It gave me a flashback to last fall when I was working in Islamabad. On the weekends, we would sometimes hike in the Margalla Hills outside of the city. On the first trip, we got a little lost, and suddenly, out of the bushes, appeared a middle aged man in a full polyester track suit straight from the 1970s. "Hello!" he said. We asked him for directions, and he pointed us to a fork in the trail that we should take. Then he took off running into the bushes in the opposite direction, straight up the hill. "Where are you going?" we asked. "TO THE FIRE TRAILS!" he said. (Fire trails are the corridors blazed into the hills to help stop wildfires by creating a vegetation gap-- they go straight up and down the mountains, no switchbacks.) Then he disappeared, but for the next 45 minutes of hiking, he kept popping in and checking on us as we trudged up the switchbacks, taking shortcuts via the fire trails, always shouting things like, "DO YOU LOVE IT? IT'S GREAT! YOU MUST TRY THE FIRE TRAILS NEXT! MUCH BETTER!" "OH HOHOHOHOHO! I LOVE IT!" so on and so forth. When he stopped to talk to us, he jumped up and down the whole time, panting, his polyester suit fully zipped despite the 90 degree F (32 degree C) heat. Again... such enthusiasm! Such dedication to physical fitness!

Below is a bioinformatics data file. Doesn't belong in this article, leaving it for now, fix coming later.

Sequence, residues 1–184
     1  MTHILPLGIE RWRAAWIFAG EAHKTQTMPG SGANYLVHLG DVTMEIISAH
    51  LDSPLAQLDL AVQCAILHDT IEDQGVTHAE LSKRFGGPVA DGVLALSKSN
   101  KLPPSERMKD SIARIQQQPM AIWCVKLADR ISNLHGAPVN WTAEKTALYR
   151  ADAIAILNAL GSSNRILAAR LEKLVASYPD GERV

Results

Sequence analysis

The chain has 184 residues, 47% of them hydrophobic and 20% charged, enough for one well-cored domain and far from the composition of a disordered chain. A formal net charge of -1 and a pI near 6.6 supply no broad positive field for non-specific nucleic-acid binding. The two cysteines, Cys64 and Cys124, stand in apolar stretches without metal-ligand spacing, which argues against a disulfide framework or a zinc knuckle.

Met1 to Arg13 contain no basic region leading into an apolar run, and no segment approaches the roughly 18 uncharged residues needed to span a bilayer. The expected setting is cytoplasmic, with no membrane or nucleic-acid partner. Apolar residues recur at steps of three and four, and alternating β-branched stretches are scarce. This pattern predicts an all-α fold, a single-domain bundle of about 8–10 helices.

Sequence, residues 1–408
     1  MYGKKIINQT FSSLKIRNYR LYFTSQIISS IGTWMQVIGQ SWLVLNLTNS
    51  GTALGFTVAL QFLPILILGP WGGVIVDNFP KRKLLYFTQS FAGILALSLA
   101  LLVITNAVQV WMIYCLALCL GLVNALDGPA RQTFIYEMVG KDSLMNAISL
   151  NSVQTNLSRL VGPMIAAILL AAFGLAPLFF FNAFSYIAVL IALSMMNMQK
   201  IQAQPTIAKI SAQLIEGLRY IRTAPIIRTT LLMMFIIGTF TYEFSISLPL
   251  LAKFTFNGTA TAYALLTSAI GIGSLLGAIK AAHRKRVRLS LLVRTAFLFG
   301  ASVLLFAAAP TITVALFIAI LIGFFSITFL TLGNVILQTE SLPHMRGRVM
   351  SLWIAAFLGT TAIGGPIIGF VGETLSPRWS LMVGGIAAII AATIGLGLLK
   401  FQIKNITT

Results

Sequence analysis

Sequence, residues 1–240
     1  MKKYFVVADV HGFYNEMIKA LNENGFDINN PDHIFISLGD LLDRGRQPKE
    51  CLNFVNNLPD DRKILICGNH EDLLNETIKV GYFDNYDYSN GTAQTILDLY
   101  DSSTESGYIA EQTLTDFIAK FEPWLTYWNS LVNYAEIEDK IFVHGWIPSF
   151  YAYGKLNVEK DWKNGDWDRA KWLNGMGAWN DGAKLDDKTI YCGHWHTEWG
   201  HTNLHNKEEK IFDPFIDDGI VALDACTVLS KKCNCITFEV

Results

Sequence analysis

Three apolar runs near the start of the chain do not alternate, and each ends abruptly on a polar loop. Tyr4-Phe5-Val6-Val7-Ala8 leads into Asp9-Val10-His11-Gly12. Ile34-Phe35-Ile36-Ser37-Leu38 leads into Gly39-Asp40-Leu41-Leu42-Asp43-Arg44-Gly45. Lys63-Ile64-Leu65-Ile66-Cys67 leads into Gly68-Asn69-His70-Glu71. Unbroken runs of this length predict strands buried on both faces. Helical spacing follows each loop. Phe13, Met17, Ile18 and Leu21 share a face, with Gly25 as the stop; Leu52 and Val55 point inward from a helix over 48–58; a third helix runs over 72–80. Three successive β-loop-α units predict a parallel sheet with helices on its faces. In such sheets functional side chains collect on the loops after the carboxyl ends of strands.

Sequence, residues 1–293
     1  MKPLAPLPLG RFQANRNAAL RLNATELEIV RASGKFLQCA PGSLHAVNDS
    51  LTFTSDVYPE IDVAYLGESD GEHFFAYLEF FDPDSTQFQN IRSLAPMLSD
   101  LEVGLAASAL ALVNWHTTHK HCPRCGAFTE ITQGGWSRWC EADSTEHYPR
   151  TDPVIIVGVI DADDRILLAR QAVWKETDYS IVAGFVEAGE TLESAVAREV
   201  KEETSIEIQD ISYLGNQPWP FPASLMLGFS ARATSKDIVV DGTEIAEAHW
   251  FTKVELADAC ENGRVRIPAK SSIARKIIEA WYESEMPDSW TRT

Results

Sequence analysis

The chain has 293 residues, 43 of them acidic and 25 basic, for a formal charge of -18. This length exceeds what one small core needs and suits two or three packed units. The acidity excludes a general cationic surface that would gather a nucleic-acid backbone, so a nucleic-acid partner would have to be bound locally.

All this has gotten me thinking about "hiking" and what it means in different cultures. I think it's pretty well-defined in the west (Europe/North America). It's a granola-ish activity enjoyed by lots of people, especially those with money. Also, in the west I think it is most enjoyed by those who like being outside but aren't necessarily in great shape or have great physical fitness capabilities. (Those who have great abilities, I believe, get into true mountaineering/climbing/skiing (a category in which I do not include myself!)). On the flip side, in very poor developing countries, I think the concept of "hiking" comes across as pretty outlandish. When I worked in Guatemala as a trekking guide (the only clientele, of course, being Europeans and North Americans on holiday), this was painfully obvious. We'd be trudging up some village's main trail with our fancy backpacks only to be lapped a few times by an old man in flip flops carrying 30 kilos of wood with a head strap. Flexing his gigantic neck tendons, he would just look at us-- not with malice, but still with the obvious implication that we were idiots. Same story in Ethiopia, perhaps even moreso.